A national prohibition against prayer or petition to any but King Darius had been promoted by people in government out to get Daniel. It was temporary - for a mere 30 days - and incorporated everybody. The Jews were not being singled out, let alone Daniel personally. Daniel could have 'gone private' with his daily prayer routine (three times a day, facing Jerusalem) but he continued visibly praying at his open window. He knew the consequences - being thrown to the lions. It's not come to that with Covid-19 as church buildings can open for individual prayer, yet worship services in England are illegal for the second time now (but allowed again in Scotland after an initial banning).

Will this be temporary, or will government keep switching from “Churches can open for worship with masking, distancing and limited numbers” to “No worship in Church buildings”? Not being a prognosticator, I cannot answer my own question. Not even the government can. We might need to remind ourselves that no government can prevent any Christians from worshipping God, even if they close buildings down.

Nor does that impact on family worship at home, but millions of Christians are the only Christians in their household or live on their own. Most now have no Christian fellowship with anyone (Zoom does not count as fellowship in the biblical sense, in my opinion, though it’s better than nothing.) Many elderly Christians cannot access such things anyway. Christianity is not a personal religion in the sense of we can individually isolate and still carry out Christ’s mandate for his Church body. Yes, we remain members of his body even in our isolation, yet if isolation leads to disintegration of the Church visible, we cannot assume that to be the will of God and just let it happen, without question. There are various ways in which current legislation could lead to actual disintegration of the Church visible, and we cannot assume that laws are temporary and that, of course, economic considerations will enable government to let us get back to public worship. An effective vaccine might achieve that, but a variant of the virus, or a completely new one, could afflict the globe later. Restrictive laws will be in place instantly, should that happen, so the question needs to be, “How do Christians prevent the Church visible from disintegrating into an almost voiceless and helpless institution that does not carry out Christ’s commission to us? Or, has that already happened, and is a spiritual reason for what we see now, and therefore it will only get worse?” Do Christians dare ask ourselves if decades of feeble (i.e. ineffective) spiritual leadership has resulted in a mere outward semblance of Christianity that is now crumbling under pressure? If so, then what remedy is there? Yet it should never lead to, “Each Christian for his or her own!” otherwise the great adversary has won. There’s a spiritual element to this, as Ephesians 2:2 indicates. A literal, deadly virus is in the air that we breathe, but do we allow the “prince of the power of the air”, that spirit of disobedience, to get us also?

Now some practical considerations to demonstrate what Christian leaders must sort out before long. If a believer wants to be baptised, hardly any option exists right now. A walk by a gentle stream at dawn or dusk, with a fellow (masked) walker quickly dunking him or her under the icy water when no others can see them, then carrying on their way (shivering)? A baptismal service in England was stopped by police on Sunday 15th November 2020 as 30 people met in a church building, for no worship is to go on in buildings, and private houses can hardly have others present. As for not being allowed to sing in public worship – TV has shown robed choirs singing along to the cathedral organ, the congregation masked and distanced, but the congregation cannot sing along behind their masks? I suggest all Christians switch to unaccompanied Psalm singing; so solemn a format that not even a passing fly would be harmed by their breath.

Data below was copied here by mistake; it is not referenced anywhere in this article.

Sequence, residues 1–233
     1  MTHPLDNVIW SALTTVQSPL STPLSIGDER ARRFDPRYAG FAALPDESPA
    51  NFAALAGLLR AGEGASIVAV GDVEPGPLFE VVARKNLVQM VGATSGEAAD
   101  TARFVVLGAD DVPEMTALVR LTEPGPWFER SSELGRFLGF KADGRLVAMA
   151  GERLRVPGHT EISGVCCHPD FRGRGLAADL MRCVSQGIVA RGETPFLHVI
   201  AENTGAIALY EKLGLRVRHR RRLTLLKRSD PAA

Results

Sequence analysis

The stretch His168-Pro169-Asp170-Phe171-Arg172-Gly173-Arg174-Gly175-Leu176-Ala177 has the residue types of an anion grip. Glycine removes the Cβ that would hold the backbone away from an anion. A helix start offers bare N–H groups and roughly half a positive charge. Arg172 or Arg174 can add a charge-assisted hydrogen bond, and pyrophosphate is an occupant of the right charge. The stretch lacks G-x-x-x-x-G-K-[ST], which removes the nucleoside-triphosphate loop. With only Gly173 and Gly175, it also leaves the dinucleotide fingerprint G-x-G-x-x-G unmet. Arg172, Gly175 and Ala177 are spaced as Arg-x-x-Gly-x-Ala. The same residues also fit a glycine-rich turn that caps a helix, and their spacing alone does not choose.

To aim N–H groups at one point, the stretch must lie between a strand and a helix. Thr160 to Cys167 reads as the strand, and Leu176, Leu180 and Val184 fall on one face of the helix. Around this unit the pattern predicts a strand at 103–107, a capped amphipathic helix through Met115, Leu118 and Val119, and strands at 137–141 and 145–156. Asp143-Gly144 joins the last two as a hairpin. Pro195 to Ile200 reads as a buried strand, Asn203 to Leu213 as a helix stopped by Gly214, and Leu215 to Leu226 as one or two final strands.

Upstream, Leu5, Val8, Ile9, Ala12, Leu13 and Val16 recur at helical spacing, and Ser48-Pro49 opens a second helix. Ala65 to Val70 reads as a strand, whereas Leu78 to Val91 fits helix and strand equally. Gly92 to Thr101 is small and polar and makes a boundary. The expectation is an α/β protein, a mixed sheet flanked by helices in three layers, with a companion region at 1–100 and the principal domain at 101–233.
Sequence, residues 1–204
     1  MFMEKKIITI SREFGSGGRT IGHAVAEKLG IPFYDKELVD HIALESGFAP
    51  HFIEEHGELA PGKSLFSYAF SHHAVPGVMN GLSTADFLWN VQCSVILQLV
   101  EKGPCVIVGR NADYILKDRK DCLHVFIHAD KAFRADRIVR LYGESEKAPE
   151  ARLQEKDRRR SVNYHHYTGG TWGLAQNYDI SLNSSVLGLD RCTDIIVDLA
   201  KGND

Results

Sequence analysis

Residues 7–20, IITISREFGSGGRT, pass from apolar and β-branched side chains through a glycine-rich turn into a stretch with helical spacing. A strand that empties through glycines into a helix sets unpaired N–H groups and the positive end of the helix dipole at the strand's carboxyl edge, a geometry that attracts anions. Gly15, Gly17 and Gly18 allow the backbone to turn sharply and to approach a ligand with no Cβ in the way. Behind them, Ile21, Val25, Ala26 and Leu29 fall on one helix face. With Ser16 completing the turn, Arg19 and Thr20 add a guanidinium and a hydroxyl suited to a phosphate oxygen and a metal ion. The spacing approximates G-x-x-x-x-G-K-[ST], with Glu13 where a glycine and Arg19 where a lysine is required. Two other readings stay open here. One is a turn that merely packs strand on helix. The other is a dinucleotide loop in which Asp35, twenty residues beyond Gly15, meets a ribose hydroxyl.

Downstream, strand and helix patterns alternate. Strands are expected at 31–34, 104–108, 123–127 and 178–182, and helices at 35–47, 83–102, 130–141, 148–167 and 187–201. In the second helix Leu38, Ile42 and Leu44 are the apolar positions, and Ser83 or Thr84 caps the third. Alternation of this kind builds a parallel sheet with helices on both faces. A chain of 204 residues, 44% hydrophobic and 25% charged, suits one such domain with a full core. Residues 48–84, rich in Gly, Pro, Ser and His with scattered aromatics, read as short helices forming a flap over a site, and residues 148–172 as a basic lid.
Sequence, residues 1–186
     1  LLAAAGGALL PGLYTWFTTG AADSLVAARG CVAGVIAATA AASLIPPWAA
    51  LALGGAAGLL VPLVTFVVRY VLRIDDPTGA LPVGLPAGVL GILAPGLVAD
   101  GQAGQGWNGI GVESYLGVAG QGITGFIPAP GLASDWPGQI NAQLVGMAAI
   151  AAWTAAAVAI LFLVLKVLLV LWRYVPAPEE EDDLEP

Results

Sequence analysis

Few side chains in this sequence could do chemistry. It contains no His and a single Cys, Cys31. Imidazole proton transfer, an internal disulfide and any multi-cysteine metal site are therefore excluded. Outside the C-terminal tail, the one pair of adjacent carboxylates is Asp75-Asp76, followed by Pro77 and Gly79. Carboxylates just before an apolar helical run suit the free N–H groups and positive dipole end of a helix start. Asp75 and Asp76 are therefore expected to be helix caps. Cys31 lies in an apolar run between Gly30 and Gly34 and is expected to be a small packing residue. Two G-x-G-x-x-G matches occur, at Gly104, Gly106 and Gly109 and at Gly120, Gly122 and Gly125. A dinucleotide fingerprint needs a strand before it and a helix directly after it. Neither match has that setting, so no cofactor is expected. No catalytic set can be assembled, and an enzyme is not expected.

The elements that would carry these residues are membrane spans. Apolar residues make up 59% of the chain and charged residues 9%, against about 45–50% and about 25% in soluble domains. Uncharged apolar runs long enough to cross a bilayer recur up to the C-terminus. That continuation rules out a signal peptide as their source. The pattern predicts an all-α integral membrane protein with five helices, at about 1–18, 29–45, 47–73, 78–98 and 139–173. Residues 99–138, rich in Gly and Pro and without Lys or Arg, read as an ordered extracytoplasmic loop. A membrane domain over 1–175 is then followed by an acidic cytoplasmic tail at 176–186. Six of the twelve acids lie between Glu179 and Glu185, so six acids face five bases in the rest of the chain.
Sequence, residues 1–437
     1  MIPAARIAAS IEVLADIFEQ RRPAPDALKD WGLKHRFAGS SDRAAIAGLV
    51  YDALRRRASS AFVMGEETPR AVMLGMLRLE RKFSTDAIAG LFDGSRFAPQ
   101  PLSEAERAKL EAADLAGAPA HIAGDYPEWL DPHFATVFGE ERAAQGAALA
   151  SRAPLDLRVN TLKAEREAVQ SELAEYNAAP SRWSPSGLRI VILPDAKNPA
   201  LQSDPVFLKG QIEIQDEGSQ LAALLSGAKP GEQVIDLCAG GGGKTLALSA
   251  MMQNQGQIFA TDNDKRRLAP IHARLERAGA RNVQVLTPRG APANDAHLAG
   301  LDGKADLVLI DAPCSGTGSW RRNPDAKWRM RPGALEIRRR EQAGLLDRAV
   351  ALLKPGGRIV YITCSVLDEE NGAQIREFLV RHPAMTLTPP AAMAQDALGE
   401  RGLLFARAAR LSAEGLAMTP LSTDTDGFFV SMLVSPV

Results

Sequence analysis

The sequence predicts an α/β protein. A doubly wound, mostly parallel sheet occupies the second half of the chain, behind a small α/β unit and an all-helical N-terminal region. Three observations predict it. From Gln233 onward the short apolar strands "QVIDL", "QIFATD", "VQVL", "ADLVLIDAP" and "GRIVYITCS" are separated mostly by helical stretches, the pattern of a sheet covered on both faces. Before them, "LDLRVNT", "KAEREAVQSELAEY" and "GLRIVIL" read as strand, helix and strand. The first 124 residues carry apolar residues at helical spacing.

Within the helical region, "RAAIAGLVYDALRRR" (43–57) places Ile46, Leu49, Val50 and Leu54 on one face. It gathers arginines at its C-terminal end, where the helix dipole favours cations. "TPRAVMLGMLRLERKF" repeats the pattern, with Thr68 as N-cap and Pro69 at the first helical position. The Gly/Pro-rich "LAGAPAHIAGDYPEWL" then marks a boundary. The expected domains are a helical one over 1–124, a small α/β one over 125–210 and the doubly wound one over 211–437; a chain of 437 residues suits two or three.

Meanwhile, football throngs yell, sing and embrace in public, and house-parties continue despite threat of fines. Worse of all is how government is stopping millions from working, and many of those fall through the financial safety net, being ineligible for subsidies, and are now suicidal with despair. Millions are becoming mentally ill. Even if they resist suicide, their lives are now wrecked, their self-employment ruined. Has any government got the right to stop ¾ of their nation from working?

This is not a digression from the question, because it’s about the right of government to do things nationally that impact the public regarding life and death issues. Forbidding public worship won’t kill anybody, but many of the other sweeping powers adopted will indirectly kill hundreds of thousands through suicide. They will not be included in the Covid-19 death statistics. But Christians are hardly able to reach out to those despairing people, as they would normally do, due to the illegality of meeting in other peoples’ homes! Not even family members can now do that apart from rare exceptions. Nursing Homes have seen utter despair and bewilderment with many elderly folk unable to touch visiting relatives behind glass or Perspex barriers. Dementia patients cannot understand and relatives are heartbroken, rarely even getting to the death-bed for a final farewell. That may be changing, but the inhumanity of it is only to be expected from government that deals with statistics and financial implications, thinking that human rights must be swept aside – and for how long? Should not Christian leaders be challenging government on such matters, while abiding by the law?